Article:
This is the first study evaluating BVAS3 in discriminating PI. The two main concerns flagged from BVAS version 2 were that two sub-scores were produced to reflect active and persistent disease respectively [20]. In BVAS3, subjects with purely persistent disease will generate a BVAS value on the same scale as those with ‘new/worse’ disease. The earlier BVAS2 has been shown to have prognostic value and correlates with the validated 5-factor prognostic score [21]. BVAS3 demonstrates concordance with BVAS2, treatment decision, physician global assessment and C-reactive protein [21], however, further studies are required to determine if BVAS3 correlates with mortality and/or health related quality of life. We have shown here that BVAS3 correlates with VDI. Accumulation of even a single VDI item is associated with reduced response to treatment and survival [22]. A 6-month VDI score >4 has been associated with increased risk of mortality [23].

We have not shown a correlation between PI and/or LI with risk of relapses or mortality. This provides additional data supporting recent studies looking at the low impact of LI on the overall AAV prognosis. However, the impact on the overall morbidity remained unanswered. Interestingly, the BVAS and VDI have been weakly correlated with patient health-related quality of life (HRQOL) reinforcing that quality of life cannot be generalized to biological effects of the disease only [24,25]. Future studies should examine the effects of LI in both physical and functional quality of life using objective assessment tools.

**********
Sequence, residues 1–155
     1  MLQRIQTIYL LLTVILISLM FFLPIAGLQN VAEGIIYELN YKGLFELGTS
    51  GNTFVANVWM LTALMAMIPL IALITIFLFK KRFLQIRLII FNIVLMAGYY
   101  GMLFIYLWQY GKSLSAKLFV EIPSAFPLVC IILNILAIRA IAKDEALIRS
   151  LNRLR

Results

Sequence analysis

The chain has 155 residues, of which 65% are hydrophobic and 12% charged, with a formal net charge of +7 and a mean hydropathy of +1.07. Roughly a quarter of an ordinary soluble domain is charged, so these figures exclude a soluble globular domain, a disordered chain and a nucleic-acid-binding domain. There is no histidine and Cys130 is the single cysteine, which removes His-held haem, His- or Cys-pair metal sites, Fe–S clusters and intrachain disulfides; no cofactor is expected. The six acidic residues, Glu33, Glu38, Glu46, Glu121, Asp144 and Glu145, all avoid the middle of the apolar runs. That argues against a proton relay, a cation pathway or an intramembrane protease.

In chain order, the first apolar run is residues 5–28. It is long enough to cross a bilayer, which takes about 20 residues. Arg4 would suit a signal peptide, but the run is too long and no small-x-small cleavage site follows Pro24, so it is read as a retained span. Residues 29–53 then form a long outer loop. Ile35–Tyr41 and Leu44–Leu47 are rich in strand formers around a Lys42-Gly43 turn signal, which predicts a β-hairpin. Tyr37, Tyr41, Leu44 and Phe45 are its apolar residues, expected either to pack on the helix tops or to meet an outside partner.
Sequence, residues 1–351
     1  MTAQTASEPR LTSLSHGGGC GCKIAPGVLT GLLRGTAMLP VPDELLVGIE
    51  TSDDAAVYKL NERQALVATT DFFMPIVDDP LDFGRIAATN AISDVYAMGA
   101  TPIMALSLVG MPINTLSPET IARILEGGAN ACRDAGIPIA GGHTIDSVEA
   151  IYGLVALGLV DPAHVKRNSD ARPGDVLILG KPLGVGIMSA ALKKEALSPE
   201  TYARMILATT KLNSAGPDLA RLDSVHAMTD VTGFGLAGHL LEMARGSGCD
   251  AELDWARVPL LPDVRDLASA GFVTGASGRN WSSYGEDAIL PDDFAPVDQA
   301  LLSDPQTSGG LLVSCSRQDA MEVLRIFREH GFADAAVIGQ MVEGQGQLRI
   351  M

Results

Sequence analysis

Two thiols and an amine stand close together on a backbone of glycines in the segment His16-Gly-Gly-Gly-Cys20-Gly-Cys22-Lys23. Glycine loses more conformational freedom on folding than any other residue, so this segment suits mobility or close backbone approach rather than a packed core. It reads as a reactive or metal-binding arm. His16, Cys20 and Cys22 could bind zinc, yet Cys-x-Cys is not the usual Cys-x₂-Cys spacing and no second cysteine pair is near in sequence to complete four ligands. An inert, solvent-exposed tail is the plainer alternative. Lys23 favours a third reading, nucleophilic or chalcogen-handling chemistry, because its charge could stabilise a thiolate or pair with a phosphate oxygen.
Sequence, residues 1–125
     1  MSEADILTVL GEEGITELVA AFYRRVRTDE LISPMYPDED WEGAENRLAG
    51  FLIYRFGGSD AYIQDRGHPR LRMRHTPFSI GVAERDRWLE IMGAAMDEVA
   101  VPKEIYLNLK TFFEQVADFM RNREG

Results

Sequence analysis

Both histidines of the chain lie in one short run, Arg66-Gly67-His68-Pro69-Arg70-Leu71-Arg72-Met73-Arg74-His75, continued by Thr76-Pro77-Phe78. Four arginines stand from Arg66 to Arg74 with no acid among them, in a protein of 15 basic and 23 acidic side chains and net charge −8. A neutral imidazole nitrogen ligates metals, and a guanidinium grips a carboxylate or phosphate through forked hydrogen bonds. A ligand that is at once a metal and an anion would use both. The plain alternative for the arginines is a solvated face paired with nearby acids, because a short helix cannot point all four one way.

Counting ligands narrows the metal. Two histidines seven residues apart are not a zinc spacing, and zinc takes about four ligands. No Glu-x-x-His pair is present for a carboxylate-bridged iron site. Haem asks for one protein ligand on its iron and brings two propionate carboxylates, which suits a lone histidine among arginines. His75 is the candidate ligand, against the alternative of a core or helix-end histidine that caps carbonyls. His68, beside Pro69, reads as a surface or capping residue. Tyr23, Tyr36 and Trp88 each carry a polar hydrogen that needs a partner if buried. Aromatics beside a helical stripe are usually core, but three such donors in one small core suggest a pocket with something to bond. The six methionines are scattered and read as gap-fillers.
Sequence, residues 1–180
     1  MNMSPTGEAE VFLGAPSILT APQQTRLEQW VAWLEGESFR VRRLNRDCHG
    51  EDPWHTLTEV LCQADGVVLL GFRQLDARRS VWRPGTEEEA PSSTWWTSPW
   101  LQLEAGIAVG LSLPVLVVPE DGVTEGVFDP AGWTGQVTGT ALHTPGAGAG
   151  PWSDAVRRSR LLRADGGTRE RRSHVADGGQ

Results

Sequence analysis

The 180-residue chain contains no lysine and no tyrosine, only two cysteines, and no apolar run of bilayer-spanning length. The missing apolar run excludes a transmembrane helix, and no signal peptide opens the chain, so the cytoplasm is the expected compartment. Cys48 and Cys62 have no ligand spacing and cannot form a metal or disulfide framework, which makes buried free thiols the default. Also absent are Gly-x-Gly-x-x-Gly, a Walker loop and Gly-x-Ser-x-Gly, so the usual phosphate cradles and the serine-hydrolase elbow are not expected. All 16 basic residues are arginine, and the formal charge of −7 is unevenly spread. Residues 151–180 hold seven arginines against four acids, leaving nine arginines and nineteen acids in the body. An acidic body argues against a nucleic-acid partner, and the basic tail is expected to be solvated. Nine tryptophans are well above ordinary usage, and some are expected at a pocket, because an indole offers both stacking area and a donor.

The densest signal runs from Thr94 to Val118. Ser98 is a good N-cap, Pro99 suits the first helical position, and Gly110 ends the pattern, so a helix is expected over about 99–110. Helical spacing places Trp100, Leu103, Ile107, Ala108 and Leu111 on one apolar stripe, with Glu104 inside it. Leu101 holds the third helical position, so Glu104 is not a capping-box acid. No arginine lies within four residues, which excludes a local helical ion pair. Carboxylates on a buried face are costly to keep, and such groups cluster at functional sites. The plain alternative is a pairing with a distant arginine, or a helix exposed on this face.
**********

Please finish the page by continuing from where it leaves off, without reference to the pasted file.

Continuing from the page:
We showed a weak but statistically significant correlation between PI and the presence of musculoskeletal, renal and cardiovascular involvement within 2-years of follow up. Renal involvement was expected due to the high prevalence of pulmonary-renal syndrome in this cohort. Myalgia is included in the analysis of musculoskeletal involvement and therefore, may not impact on the overall prognosis. However, cardiovascular involvement was unexpected. This may relate to 4 and 6 subjects respectively reported to have pulmonary hypertension and coronary artery diseases in the PI group compared to 0 and 4 in the non-PI group respectively. Therefore, this correlation could be related to the differences in prevalence of coronary artery disease that may or may not be related to active vasculitis.

Interestingly, we also identified a significant relationship between pulmonary fibrosis and AAV. Although these parameters were recorded within 6 months to two years of follow-up, we cannot determine that pulmonary fibrosis is secondary to damage of previous lung involvement or a new, unusual manifestation of AAV itself. A few retrospective studies reported that pulmonary fibrosis is an underestimated manifestation of AAV, which often predates the development of vasculitis [26,27].